Senators agree it’s entirely up to Breyer, who is 82 years old, to make a decision on when to step down from the high court.
“I am not going to pressure justice in any way. He can make up his own mind,” said Senate Judiciary Committee Chairman Dick Durbin (D-Ill.).
Durbin, however, said the Senate would prioritize a Supreme Court confirmation process if Breyer or any other justice vacated his or her seat.
“We can handle the issues as they arise and that’s one of the most important, so it will be a priority,” Durbin added.
Sen. Elizabeth Warren (D-Mass.), a leading progressive, refused to comment on the subject of Breyer’s possible retirement.
“Oh, I have no comment on that. None,” she declared.
Sen. Patrick Leahy (D-Vt.), a senior member of the Judiciary Committee, argues that Democrats could ram Biden’s nominee through the Senate as quickly as Republicans moved Justice Amy Coney Barrett in October, when she was confirmed a mere 30 days after her nomination.
“We should be able to move it quickly,” he said, arguing that then-Senate Majority Leader Mitch McConnell (R-Ky.) was willing “to break every rule” to get Barrett on the high court by the Nov. 3 elections.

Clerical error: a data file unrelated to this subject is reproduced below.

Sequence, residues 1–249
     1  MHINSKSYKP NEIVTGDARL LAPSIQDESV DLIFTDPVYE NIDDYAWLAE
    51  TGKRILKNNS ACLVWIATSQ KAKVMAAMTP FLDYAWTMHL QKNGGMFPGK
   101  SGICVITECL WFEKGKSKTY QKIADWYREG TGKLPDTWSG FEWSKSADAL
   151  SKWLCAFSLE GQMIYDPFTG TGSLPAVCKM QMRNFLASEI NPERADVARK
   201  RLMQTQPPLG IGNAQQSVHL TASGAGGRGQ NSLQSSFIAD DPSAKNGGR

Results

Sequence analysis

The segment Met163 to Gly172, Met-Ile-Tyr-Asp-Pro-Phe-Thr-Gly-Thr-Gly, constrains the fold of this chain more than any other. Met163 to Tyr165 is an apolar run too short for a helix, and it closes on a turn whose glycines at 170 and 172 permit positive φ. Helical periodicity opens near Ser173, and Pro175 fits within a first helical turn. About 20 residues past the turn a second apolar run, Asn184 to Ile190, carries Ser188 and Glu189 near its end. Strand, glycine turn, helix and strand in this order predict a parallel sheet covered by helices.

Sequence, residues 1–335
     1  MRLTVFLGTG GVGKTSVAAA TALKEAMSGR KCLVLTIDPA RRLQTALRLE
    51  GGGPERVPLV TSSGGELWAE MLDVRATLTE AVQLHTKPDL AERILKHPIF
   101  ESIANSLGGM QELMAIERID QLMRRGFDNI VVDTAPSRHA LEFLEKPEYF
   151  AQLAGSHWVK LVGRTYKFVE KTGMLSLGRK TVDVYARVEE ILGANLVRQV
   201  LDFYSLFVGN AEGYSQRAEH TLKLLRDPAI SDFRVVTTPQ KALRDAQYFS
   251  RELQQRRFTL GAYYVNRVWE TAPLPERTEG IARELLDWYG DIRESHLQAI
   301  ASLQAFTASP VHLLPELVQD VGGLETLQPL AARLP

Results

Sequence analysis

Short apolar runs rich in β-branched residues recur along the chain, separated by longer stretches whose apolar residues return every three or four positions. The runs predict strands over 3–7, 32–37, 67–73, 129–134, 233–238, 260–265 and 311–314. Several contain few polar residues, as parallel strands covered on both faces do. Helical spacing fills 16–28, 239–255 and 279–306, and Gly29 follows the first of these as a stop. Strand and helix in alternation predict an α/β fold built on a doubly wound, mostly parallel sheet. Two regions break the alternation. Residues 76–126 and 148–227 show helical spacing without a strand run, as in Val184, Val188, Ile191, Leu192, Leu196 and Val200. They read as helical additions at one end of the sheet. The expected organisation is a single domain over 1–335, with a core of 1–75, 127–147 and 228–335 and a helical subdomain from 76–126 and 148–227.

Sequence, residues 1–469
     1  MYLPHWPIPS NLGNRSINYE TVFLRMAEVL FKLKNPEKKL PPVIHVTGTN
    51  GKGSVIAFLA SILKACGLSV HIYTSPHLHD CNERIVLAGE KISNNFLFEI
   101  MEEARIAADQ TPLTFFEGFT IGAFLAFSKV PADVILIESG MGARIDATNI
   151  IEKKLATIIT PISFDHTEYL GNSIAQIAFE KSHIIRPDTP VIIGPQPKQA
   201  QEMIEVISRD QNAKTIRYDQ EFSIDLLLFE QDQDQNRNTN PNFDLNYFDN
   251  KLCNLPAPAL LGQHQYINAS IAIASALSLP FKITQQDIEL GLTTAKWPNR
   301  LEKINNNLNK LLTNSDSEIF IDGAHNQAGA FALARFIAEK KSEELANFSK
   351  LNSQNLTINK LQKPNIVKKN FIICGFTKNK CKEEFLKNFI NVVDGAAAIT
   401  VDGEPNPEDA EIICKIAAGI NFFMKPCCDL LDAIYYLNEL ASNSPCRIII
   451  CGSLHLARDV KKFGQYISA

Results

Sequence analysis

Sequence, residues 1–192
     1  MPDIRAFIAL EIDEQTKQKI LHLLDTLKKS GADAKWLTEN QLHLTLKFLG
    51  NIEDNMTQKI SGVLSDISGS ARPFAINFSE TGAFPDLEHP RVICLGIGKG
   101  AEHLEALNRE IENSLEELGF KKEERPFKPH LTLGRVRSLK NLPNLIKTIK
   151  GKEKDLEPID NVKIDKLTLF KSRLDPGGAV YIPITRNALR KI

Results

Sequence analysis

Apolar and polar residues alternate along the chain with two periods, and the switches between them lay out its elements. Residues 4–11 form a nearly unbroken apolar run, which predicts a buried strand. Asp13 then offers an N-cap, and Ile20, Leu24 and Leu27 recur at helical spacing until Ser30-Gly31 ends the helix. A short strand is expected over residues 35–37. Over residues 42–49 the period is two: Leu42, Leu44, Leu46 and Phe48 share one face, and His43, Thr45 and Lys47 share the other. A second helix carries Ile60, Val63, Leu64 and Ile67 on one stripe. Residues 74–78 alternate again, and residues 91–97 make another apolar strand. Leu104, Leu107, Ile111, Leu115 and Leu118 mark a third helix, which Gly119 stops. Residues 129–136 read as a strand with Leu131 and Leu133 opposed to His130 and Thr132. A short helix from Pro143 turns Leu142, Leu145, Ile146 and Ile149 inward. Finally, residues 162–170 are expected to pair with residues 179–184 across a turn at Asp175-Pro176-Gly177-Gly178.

But that would spark Republican retaliation, and GOP senators could use a variety of procedural tools to exact revenge, from denying quorums during votes on nominees — including a potential Supreme Court nominee — to employing other dilatory tactics.
The prospect of a fall battle over the Supreme Court looms as more and more of a headache for Senate Majority Leader Charles Schumer (D-N.Y.) as legislative priorities continue to pile up on the calendar.
Bipartisan negotiations over an infrastructure bill that originally had a Memorial Day deadline continue to drag on going into the July 4 recess.
Negotiations over police reform legislation that had an initial end-of-June deadline, now appear to also be headed into July.
And the biggest item of all on the Democratic to-do list, passing a Senate budget resolution to pave the way for a second reconciliation package, which would require only Democratic votes to pass, still needs to be done.
Schumer seeks to take up the budget resolution in July, but that means most of the work on the reconciliation package will happen in September or August.
Senate Budget Committee Chairman Bernie Sanders (I-Vt.) only last week circulated his initial proposal to pass a whopping $6 trillion reconciliation bill. Putting together a multi trillion-dollar infrastructure spending package amidst many Democratic disagreements over what should go into the package will likely take months.
Those priorities would get less attention if the Senate is wrapped up in a Supreme Court confirmation battle. Last fall’s clash over Barrett brought coronavirus-relief discussions to a standstill before Election Day.